As a business and retirement destination Mauritius is booming

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Dani van Vuuren from the Sovereign Group outlines attractive options for South Africans considering moving to the island

SIMON BROWN: I’m chatting with Dani van Vuuren from the Sovereign Group. Dani, I appreciate your time today. We chatted a month or so ago. We were talking around the various different visa options for Europe. This time it’s Mauritius, which of course South Africans know. Many of us have holidayed there. It’s an island about four hours off our coast. And as a business destination it really has been booming in the last couple of years, or probably longer than that. It really has a fairly bright economic future staring ahead of itself.

DANI VAN VUUREN: Absolutely. Thank you for having me, Simon. Mauritius has maintained a stable and competitive economy over the years, and it is ranked one of the safest – in fact, the safest – country in Africa. That of course is very important to South Africa. From an economic perspective it is one of the top 10 wealthiest countries in Africa. So it remains a firm favourite for many individuals, their families, and of course businesses.

SIMON BROWN: And for those individuals there are actually a number of ways we can get residency permits. There are property investments, there is retirement, there is occupation. Talk us through some of these.

Property investment I think is fairly well known by most people. You buy a property, and you get residency rights associated [with that].

DANI VAN VUUREN: Yes. Mauritius is very generous in their residency programmes, and the fact that it is so vast it [has] caters for any sort of individual looking for a plan B. We break them up mainly in four categories. Firstly, like you mentioned, Simon, the property route, and that’s often called the ‘golden visa’. From a rand perspective it might be a little pricey, so you’re looking at about US$375 000 to qualify for that when purchasing property. But the other areas that are quite popular in the sovereign area with regard to enquiries are the other three, which are namely residency by investment through a company, which requires only $50 000 for a minimum capital investment, which is just under R1 million, which is quite favourable. And then of course the retirement permit, which is for anyone over 50 years who can contribute $18 000 per annum into a personal bank account in Mauritius. That is really popular for anyone looking at retiring in Mauritius. And then lastly would be someone who is perhaps a nomad, or just inquisitive that would go on the ‘premium visa’, which is a year-on-year visa available to applicants.

SIMON BROWN: Let’s touch on [the] digital nomad to start with. This is a visa which I didn’t know existed pre-Covid, but it is suddenly popping up all over the place. That’s the classic – if you don’t need to work from home, from an office based in Joburg or Cape Town or wherever, if you can do it from Mauritius it’s not onerous at all. And to your point it gives you a year and can, if need be, renewed.

DANI VAN VUUREN: It can be. And perhaps we have someone who is looking at property or a company, doing things from South Africa might be tricky. So if they go on the premium visa, they get to chat to our Mauritian office and find out whether this is something that they’d like to explore further. [Should they wish] to incorporate a company, the sovereign office in Mauritius can assist with that, or whether they want to deal with a real estate agent or developer that can assist them in finding the ideal property, that might not necessarily be at a value starting at $375 000. So there are various options which, as I mentioned, [are] quite generous and flexible, and [people] have the opportunity to explore [them] more easily when they go to the island.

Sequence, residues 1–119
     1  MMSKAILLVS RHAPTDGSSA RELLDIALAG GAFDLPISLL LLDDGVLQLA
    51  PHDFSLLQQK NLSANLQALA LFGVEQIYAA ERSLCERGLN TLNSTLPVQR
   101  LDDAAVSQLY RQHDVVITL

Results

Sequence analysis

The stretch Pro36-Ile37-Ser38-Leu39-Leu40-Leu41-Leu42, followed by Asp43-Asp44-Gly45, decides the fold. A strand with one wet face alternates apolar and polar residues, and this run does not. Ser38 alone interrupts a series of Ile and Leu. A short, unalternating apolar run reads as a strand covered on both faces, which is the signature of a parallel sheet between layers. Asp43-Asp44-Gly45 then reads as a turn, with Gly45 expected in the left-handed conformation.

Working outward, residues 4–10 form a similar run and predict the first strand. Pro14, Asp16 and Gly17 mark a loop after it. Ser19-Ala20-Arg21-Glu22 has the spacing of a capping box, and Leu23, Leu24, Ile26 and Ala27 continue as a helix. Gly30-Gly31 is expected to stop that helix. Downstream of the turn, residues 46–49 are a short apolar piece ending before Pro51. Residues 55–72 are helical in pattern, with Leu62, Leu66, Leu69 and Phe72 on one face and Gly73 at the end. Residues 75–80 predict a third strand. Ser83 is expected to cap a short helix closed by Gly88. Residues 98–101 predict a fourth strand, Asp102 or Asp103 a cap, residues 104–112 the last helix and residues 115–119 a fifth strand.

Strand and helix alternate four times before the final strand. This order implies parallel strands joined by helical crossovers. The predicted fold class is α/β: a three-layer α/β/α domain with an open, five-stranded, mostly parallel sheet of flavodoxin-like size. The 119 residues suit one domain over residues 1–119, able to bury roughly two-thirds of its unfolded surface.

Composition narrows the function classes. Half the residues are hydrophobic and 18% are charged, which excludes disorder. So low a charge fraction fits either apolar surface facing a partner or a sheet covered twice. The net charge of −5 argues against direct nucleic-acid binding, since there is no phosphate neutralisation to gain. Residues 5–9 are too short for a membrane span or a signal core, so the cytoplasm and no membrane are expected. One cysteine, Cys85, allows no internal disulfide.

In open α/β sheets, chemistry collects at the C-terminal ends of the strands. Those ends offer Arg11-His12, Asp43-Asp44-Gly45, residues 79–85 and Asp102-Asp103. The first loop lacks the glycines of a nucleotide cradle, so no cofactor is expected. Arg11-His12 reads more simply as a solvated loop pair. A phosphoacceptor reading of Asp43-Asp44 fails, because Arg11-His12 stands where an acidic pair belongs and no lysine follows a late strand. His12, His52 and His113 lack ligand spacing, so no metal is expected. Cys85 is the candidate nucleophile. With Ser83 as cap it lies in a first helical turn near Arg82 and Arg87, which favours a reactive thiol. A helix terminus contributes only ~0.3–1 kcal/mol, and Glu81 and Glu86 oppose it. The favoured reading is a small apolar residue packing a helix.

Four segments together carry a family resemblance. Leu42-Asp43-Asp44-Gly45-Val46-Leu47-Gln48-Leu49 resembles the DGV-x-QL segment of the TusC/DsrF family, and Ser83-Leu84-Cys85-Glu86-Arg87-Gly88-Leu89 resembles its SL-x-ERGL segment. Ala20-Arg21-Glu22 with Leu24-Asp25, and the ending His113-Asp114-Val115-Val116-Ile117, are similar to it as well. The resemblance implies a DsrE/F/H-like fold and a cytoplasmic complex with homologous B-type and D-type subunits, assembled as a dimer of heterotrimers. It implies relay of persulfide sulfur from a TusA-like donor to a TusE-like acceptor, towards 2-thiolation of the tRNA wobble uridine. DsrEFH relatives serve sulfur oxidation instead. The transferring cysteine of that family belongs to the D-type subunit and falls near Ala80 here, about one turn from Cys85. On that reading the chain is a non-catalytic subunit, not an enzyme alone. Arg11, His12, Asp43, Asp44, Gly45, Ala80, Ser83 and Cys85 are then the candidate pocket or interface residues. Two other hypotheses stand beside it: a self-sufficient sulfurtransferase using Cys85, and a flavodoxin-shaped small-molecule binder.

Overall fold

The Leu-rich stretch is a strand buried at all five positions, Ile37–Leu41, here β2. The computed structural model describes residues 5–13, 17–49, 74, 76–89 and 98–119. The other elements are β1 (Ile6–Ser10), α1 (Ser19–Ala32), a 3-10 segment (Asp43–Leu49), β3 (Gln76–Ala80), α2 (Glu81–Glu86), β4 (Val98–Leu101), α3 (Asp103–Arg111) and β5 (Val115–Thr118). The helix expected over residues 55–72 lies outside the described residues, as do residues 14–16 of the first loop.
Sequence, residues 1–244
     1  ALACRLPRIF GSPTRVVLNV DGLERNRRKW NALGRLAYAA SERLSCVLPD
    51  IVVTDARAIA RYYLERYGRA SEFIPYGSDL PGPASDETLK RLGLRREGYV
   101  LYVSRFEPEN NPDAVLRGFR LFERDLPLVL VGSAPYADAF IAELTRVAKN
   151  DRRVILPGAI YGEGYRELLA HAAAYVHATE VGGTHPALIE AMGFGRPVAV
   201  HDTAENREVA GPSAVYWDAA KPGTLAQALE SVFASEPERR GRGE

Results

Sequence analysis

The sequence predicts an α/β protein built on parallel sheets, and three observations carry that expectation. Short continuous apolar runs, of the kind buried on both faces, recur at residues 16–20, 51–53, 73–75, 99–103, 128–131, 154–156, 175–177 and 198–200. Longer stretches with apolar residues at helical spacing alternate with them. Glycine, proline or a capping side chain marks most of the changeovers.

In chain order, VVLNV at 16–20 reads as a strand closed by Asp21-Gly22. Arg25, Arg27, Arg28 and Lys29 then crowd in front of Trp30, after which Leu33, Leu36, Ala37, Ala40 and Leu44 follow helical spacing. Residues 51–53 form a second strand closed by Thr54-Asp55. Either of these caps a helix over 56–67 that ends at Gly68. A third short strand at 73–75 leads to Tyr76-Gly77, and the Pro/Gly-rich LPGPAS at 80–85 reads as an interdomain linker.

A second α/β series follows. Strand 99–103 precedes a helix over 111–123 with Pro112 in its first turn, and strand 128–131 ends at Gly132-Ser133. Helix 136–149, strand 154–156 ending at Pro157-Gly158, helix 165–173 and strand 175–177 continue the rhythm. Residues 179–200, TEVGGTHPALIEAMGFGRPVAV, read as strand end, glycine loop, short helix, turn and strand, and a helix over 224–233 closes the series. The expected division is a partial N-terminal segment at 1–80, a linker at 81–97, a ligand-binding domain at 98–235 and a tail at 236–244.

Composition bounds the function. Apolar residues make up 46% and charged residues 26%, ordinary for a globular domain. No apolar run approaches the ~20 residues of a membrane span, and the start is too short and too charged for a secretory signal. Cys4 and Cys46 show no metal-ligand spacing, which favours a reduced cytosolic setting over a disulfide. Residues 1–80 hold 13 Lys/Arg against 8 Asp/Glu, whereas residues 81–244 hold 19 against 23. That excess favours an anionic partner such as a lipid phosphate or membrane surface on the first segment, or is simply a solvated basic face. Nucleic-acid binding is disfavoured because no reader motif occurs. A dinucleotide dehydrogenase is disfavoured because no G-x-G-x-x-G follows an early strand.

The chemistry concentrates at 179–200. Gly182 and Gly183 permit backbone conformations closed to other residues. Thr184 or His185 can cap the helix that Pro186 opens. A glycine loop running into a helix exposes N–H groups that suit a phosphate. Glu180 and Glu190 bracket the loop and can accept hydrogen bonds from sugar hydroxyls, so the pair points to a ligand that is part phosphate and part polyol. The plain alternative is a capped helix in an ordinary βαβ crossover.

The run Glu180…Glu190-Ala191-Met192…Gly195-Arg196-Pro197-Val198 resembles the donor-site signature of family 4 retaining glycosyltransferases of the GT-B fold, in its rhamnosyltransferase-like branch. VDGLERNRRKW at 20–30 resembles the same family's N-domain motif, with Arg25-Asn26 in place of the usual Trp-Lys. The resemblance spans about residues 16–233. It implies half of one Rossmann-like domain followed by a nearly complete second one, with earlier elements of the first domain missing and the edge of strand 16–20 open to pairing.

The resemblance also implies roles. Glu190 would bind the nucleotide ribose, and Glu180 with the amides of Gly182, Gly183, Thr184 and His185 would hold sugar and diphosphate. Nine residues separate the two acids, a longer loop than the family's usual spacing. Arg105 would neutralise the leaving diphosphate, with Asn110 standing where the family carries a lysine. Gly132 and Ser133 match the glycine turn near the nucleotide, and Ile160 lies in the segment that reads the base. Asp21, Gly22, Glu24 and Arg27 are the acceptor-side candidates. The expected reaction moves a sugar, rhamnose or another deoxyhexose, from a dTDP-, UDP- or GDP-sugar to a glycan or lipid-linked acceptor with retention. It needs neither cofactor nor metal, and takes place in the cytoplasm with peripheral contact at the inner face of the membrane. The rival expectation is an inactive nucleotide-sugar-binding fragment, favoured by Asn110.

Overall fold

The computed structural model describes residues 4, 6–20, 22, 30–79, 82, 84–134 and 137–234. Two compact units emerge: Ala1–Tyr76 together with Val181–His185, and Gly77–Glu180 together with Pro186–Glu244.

SIMON BROWN: I take your point on that. The retirement one as well – the income is not onerous. Mauritius is an island, so a lot is imported. Your beer is going to be a little more expensive because it has to fly its way to you. As I understand, it’s for the 50-plus, and a fairly easy option for those who are looking for beaches and sunshine.

DANI VAN VUUREN: Absolutely. And it’s not income of a passive nature. In Portugal for example, as I mentioned the last time we spoke, they have the D7 visa, which is a passive-income route. Not all of us have passive incomes. Perhaps we’ve just got some rental income, perhaps it’s just our salary. And of course with the retirement option being [for those] older than 50, you can contribute up to R400 000 per annum in terms of rand value to your personal account to be used and invested. So it’s very flexible. It’s not a contribution to the government, which is really appealing to South Africans who are older than 50. In our eyes that’s not really a retirement age, but in Mauritius they see it as that, which is quite favourable.

SIMON BROWN: Well, they are islanders, they think 50 is old. And that’s an important point. The money is not to buy a property or to invest in a business, that’s just money for you to live on, your day-to-day expenses, your accommodation and the like.

DANI VAN VUUREN: Absolutely. And we have our single discretionary allowance as South Africans, and many ask us, ‘Dani and team, where do we take our money and where can we go?’ And they like to have the option of using that [allowance] for perhaps a permit and obtaining residency or citizenship at some point in time.

SIMON BROWN: We’ll leave it there. That’s Dani van Vuuren of the Sovereign Group. Dani, I always appreciate the insights.

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